Wednesday, December 10, 2008


I'll have some highlight images to post after reviewing the final portfolios of prints, but I wanted to jump in with thoughts and impressions before they faded into the fog of grading.

Our meeting time is from 1:15 - 4:15, but in spite of having an extra week after the last class meeting, there was still a flurry of printing activity in the shop, and yet our discussion faded around 3:00. It would have been great if that flurry had been a constant throughout the semester, but as one student said, "I work better under pressure," so most of the work was done within the past few days.

The discussion started with a recap of printmaking impressions, the "love/hate" relationship was touched on, but that discussion pretty much existed between me and Allison, and we returned to that topic a number of times to open up other possibilities, other perspectives, other takes on love/hate.  Few were offered. We passed around intaglio prints, exchange portfolio prints, relief prints, but there was very little discussion in the course of those sharing moments. I used to kick myself in the butt for not offering my thoughts and impressions when I was a student.  Now I can yak it up, but only for so long as I keep digging for interaction, eventually someone else needs to make an offering.  Once we got to the advanced folks the discussion became a little more interactive.  Rob discussed his approach to creating imagery, particularly through the print processes.  He really has the mindset of a printmaker, engaged with the variety of approaches to creating imagery and following with detailed explanations of how he created those images, and he clearly recognizes the perk of "multiples": process over image.  Brent has a very different approach.  He has a "reductive" mindset, or at least for this semester, and had a number of woodcuts, wood-engravings, and a silkscreen/relief combination. His approach is very much from an illustrative perspective: image over process. Julie has been working on a 'quilt' of small relief prints, mostly wood cuts, that she's sewn together by hand. It's an engaging piece, but would be much more so with a companion piece, which she may may be able to accomplish by the time her senior exhibition opens in February.

There was discussion about the trials and tribulations of creating prints, the unpredictability of acid's reaction to metal, such as demonstrated in Krystal's intaglio.  There were also other interesting resolutions in the mix.  Alex did some unique explorations with his intaglio plate; Allison did equally engaging work with her solar plates; Kristie created an image for the "tension" portfolio that she's now hand coloring for the final edition which heightens the tension of the image; Anthony's relief is not only tense in concept, but in execution with all of those tiny diagonal lines defining the image; Jay's "Bloons" was an interesting take on Tension and that's one that I have to think through a little more....a clown hanging from floating balloons...hmmmm; Michelle's was also interesting in concept with a view of an 8-ball - - perhaps calling that last pocket, that always makes me a little tense.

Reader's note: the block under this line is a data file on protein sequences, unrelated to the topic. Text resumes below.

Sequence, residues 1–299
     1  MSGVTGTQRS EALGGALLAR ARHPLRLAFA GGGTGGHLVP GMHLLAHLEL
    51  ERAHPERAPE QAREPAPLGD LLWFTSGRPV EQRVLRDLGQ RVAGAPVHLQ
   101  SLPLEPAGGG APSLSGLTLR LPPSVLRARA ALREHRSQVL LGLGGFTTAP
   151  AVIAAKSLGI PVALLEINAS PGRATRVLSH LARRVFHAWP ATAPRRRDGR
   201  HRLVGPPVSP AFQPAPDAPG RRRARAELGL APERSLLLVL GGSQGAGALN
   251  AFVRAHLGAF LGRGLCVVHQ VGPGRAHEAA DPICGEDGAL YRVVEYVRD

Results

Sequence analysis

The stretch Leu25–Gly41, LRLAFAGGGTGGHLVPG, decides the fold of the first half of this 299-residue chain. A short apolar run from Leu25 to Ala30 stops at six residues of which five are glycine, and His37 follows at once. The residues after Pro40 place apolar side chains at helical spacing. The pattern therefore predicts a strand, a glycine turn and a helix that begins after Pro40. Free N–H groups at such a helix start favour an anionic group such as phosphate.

Check back in a few days for final images of the semester.


alison said...

I have looked for my color monotype (goldfish) at home, but could not find it. The last time I remember seeing it was before you photographed it for this blog. Is there any chance you have it?

As for the critique, I wish that we could have heard each person's explanation of their tension image (i.e., the story behind the image). We only heard a few.

About deadlines: As an alternative to having actual "finish this edition by this date" formal deadlines, perhaps a few scheduled "working critiques" (like what we did at mid term) throughout the semester, where we can touch base on our progress, discuss challenges, get feedback from each other, propose solutions, etc.

Have a nice break/happy holidays, everyone!

brian h. jones said...

I will check my office tomorrow, if you can't find it there is a good chance it could be in my office. It's pretty disorganized in there right now.

I would like to have heard more about the tension prints as well, but sometimes in the course of trying to direct discussion and solicit comments, you find a brick wall instead of dialogue. In very recent years, discussion has become a rare thing in critiques. That is one of the things that prompted my mention of the manner in which students learn today compared to the way they "used to learn." Jay said he wouldn't know because he didn't know what that way was, he only knew how he learned now. A good point. There used to be a process in critiques that were kind of universal when students were asked directly what they thought or how they felt about the work that was being discussed. The responses were generally the same: I like it, that was about it. Then there was a move to have students write about their responses, but they also eventually became: I like it.

I don't know the magic that it takes to get a good and critical discussion about creative work. I've been finding more and more that such discussions happen one-on-one more so than in groups. When there are groups there is too much reticence about being critical, everyone wants to be everyone else's friend without understanding that the best way to be a friend is to be honest with each other in order to help each other grow.

Maybe there'll be some offers here about what folks were thinking when they conceived their Tension Prints. I can post images of them and see where it goes. Even if it's after the fact, maybe there'll be some honesty and some sharing about our ideas how we get them to develop. I'll shoot tomorrow and try to get them posted later in the day and we'll se how it grows.

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